On Saturday night, the Brown Arts Institute kicked off its month-long celebration “Kriolu Voices Sounding: Cabo Verdean/American Music and Politics in Rhode Island.” The series of events, featuring musicians, social advocates, community organizers and more, highlight Cabo Verdean culture and scholarship.
The series was organized by Ruby Erickson MA ’23, a doctoral student in musicology and ethnomusicology, and Allessandra Soares, an academic program coordinator at the Watson Institute for International and Public Affairs and executive director of Capeverdean American Community Development.
According to Erickson, plans for “Kriolu Voices Sounding” began in fall 2022.
“I had joined the Music Department DIAP Committee, and we were looking for ways to connect the music department more with local communities,” Erickson wrote in an email to The Herald. “I had also just finished a summer of music-making, voice lessons and podcasting with Cape Verdean Americans in Rhode Island and Massachusetts for my M.A.”
“I was connected with Allessandra, and we immediately started thinking about ways to highlight Cape Verdean presence … that crossed community/university boundaries,” Erickson added.
The celebration began with a discussion panel and a body percussion workshop titled “Reparations and Representations: Re-Sounding Cape Verdean Musics in Fox Point” featuring musician Perry Lee “Tiny” Tavares and Tufts University Professor Silas Pinto.
The event focused on the Cabo Verdean immigration to Fox Point, which eventually faced displacement and gentrification. Today, Fox Point remains the location of the annual Cape Verdean Independence Day Festival.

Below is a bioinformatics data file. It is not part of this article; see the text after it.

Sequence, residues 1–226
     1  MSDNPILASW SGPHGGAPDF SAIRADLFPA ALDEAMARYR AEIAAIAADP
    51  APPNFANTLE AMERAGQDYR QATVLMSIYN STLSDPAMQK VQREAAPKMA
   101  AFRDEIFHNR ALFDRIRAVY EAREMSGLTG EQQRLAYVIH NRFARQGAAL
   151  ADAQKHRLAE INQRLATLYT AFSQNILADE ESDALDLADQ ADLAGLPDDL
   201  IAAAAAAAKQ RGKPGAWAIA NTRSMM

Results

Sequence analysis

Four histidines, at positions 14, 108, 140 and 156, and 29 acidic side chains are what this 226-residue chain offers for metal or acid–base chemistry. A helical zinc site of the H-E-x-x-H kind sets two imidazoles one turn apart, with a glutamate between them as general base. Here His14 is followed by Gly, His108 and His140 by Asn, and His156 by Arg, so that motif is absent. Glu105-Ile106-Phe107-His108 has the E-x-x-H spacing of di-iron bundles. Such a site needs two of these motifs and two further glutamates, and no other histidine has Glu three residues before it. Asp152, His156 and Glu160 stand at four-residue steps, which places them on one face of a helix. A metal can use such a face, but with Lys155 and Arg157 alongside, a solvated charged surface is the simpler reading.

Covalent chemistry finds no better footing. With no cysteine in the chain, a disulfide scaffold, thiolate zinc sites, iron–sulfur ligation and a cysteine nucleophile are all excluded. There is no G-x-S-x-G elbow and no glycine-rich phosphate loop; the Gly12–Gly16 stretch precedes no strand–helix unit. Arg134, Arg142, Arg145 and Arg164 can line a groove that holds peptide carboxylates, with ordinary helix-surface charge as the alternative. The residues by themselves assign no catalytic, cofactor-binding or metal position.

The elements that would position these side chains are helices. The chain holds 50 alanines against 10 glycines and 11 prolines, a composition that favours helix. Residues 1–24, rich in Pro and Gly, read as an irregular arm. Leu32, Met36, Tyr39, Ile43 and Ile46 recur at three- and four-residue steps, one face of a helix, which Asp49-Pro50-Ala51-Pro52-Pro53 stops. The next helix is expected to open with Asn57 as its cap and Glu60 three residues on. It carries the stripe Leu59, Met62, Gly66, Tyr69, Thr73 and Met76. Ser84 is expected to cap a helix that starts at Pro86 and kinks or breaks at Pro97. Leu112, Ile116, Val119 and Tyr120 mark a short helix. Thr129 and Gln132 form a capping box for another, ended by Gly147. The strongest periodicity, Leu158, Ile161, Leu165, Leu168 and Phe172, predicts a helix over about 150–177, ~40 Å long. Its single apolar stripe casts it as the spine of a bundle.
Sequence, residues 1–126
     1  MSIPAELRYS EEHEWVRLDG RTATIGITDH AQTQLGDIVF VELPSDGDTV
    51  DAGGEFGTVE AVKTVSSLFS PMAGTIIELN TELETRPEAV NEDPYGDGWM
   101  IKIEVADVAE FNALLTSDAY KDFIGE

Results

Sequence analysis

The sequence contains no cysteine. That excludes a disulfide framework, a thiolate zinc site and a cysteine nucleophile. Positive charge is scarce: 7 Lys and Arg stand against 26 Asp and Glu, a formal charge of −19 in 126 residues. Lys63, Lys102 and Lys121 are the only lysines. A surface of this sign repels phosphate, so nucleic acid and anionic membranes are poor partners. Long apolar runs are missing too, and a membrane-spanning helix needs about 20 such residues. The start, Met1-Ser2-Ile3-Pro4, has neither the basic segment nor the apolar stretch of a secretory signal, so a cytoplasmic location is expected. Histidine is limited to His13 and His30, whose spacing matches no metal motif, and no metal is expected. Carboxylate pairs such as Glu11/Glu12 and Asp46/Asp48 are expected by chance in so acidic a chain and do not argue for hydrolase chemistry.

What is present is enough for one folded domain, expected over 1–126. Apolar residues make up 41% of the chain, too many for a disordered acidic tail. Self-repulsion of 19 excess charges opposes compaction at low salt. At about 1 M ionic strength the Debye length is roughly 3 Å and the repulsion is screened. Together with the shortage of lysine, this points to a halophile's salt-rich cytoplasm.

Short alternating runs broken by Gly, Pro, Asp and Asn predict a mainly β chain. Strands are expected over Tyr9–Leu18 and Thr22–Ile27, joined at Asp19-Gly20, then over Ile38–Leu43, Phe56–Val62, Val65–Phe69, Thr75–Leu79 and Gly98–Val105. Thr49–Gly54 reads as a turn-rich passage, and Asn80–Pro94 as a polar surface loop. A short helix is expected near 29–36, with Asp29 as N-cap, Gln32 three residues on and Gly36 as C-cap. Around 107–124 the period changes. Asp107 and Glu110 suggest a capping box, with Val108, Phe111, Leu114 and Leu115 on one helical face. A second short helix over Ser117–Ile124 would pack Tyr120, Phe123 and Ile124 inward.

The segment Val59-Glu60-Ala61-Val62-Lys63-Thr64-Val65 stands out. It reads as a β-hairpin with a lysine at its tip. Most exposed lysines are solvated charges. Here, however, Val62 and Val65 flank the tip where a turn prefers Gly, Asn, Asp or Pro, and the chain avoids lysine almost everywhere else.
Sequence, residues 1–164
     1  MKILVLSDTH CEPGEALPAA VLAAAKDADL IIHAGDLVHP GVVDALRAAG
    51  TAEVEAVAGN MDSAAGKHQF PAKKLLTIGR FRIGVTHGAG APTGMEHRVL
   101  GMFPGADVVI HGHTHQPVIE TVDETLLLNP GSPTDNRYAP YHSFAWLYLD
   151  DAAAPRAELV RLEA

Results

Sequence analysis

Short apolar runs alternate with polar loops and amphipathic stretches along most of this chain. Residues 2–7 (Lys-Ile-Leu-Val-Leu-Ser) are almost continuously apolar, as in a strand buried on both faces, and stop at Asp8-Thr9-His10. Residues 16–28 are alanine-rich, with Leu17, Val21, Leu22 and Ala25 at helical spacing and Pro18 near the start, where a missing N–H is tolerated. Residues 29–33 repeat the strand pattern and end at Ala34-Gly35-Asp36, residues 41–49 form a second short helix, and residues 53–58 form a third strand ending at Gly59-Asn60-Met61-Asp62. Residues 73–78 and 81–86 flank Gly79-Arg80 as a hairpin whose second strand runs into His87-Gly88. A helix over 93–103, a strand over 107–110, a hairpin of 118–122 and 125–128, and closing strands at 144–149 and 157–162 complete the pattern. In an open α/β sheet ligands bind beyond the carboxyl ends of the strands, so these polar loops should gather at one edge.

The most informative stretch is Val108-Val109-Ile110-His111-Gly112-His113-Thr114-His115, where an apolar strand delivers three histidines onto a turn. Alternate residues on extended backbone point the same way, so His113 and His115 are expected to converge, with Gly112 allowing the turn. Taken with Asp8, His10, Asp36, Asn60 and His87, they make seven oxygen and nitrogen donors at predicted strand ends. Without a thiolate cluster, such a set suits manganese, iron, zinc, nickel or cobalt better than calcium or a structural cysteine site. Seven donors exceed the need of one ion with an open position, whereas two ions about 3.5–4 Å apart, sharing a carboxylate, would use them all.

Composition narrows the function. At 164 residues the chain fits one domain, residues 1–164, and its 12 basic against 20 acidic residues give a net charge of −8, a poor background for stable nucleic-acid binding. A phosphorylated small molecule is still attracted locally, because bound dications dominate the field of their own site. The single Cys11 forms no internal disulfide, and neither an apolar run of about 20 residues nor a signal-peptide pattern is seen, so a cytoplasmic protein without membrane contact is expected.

Tavares, who had lived in Fox Point as a young boy, spoke about unfairly enforced restrictions that prevented his family from developing their property. These restrictions eventually forced them to move away from Fox Point. According to him, white members of the community later developed his land with granted permission from the city, which he did not receive.
The discussion progressed into the unique music created by the Fox Point Cape Verdean community. Tavares spoke about how his father’s own variations of Cape Verdean music are evidence of how Fox Point created its own “soundscape..”
For Pinto, old and new Cape Verdean musical traditions were combined in Fox Point, pushing “musical boundaries.”
The panelists also discussed reparations for the Cape Verdean Fox Point community. In 2022, former mayor Jorge Elorza provided $10 million for reparations projects, which included direct “support (for) Black and Native American residents displaced and negatively impacted by urban renewal.”
Pinto also presented a song he had written and audience members danced to the tunes of Cape Verdean music.
Erickson wrote that she hopes these events get “Brown University members who have never heard of Cape Verdean Americans to get interested and invested in communities beyond their own campus.”
“It is an ethical imperative to connect with the community that surrounds you, because you are not well unless your extended self — that is, your community — is thriving,” Pinto said.
Correction: A previous version of the article misattributed the final quote to Ruby Erickson. The photo caption also incorrectly suggested that Perry Lee "Tiny" Tavares was pictured; the photo instead depicts Silas Pinto and J.L. Santos Spencer. The Herald regrets the errors.
Dennis Carey is a Sports Editor who enjoys playing volleyball, listening to and collecting vinyl records, and poorly playing the guitar in his spare time.